Academic journal article Canadian Journal of Public Health

Alcohol-Related Policy Measures in Ontario: Who Supports What and to What Degree?

Academic journal article Canadian Journal of Public Health

Alcohol-Related Policy Measures in Ontario: Who Supports What and to What Degree?

Article excerpt


Using 1998 provincial survey data (n = 1,205), the authors examine responses to 7 items concerning public opinion on alcoholrelated policy in Ontario. The purpose of the study is to get a sense of overall public opinion on certain topical policy-related measures and to see whether this opinion is predicted by demographic characteristics of respondents (sex, age and self-reported drinking pattern). Cross-tabulations of opinion items with demographic variables revealed strong majority support for the status quo with regard to number of liquor and beer stores, beer and liquor store hours, and prohibition of the sale of alcohol in corner stores. A somewhat less robust majority also supported the status quo for alcohol taxes and legal drinking age. Among the demographic groups, high-risk heavy drinkers stood out for their greater support of relaxation of controls and this finding was confirmed by means of logistic regression. The majority of all groups, except frequent bar-goers, liked the idea of warning labels on alcoholic beverage containers. The authors conclude that, according to these survey data, policy initiatives towards greater access to alcohol, such as extended liquor store hours and sale of alcohol in corner stores, are not mandated by the majority of the population of Ontario.


En utilisant des donnees d'un Bondage de 1998 (n = 1205), les auteurs etudient en particulier les reponses a 7 questions ayant rapport a (opinion publique sur la reglementation de I'alcool en Ontario. Le but de l'etude est d'evaluer (opinion publique i l'egard des reglementations sur l'alcool en general, et de voir si on peut predire cette opinion d'apt-rs les caracteristiques demographiques des repondants (le sexe, (age, le niveau de consommation). Les resultats montrent que la majorite prefere le state quo quand il s'agit du nombre de brasseries et de marchands de wins et de spiritueux, des heures de vente, et de la vente de I'alcool aux epiceries. Une majorite moins forte prefere aussi le state quo pour les taxes sur I'alcool et (age legal pour boire de I'alcool. Ce sent surtout les Brands buveurs qui voudraient moins de restrictions de la disponibilite de ce produit. La plupart des repondants sont pour les etiquettes avetisseuses sur les conteneurs d'alcool, sauf les personnes qui frequentent le plus les bars. Les auteurs tirent la conclusion que, d'apres ces resultats, la population de (Ontario, en general, ne soutient pas les initiatives pour augmenter la disponibilite de I'alcool dans cette province.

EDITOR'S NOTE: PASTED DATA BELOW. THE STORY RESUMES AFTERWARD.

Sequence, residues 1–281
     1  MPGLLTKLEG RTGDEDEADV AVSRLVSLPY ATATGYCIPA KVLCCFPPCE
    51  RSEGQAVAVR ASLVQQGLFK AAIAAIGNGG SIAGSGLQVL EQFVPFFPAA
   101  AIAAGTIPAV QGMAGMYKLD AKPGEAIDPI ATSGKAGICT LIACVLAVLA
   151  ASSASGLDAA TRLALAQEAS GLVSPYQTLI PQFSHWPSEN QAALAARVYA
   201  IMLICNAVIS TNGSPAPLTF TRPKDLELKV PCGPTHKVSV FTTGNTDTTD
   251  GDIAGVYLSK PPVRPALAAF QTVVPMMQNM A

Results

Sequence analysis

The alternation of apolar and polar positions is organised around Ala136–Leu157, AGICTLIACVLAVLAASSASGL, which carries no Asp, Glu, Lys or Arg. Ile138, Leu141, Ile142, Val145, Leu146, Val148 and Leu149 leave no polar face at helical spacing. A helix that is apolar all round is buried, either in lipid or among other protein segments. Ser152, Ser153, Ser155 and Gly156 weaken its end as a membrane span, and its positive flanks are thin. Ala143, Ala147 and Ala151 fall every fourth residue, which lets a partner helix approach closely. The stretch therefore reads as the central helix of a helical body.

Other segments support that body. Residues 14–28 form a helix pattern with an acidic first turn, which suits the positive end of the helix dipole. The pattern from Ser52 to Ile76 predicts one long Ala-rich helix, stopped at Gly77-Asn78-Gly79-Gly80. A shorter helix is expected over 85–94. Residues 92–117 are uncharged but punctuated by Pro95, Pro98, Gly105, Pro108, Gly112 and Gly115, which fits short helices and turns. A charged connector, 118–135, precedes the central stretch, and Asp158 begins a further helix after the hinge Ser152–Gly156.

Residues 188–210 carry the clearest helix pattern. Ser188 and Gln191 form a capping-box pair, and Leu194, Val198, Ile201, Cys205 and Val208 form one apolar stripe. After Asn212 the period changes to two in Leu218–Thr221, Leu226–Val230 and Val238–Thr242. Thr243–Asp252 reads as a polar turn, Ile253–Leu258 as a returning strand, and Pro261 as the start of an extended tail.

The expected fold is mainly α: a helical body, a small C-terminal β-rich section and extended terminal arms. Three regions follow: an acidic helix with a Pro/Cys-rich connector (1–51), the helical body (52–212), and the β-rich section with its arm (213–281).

The well-documented problems associated with certain levels and patterns of alcohol consumption - such as drunk driving crashes, violence and liver dysfunction, to name a few - have given rise to organized efforts to control such problems. Some of these efforts are geared towards the formulation of alcohol-related policies (e.g., laws, rules, regulations), ideally designed to allow reasonable freedom to persons who drink alcohol in a harmless manner while restricting the consumption of those at risk of harming themselves and others. The desired balance of freedom and restriction is subject to debate, and part of the debate takes place in the forum of public opinion.1

One tool for the assessment of public opinion is the survey. Within the field of social research, in response to demand from a wide variety of stakeholders, survey methods have become more and more sophisticated with each passing decade. The results of survey-based research are sometimes used for the express purpose of guiding policy development, and this purpose has been openly acknowledged in a number of publications concerning alcoholrelated policy both nationally` and internationally.5-8 Alcohol policy is particularly sensitive and complex because of its direct bearing on public health. One might say that a bad policy can literally kill people whereas a good policy can save lives. This paper is intended as a contribution to the ever-growing body of literature serving to inform healthy, constructive, and realistic alcohol-related policy, whether in Ontario or elsewhere. …

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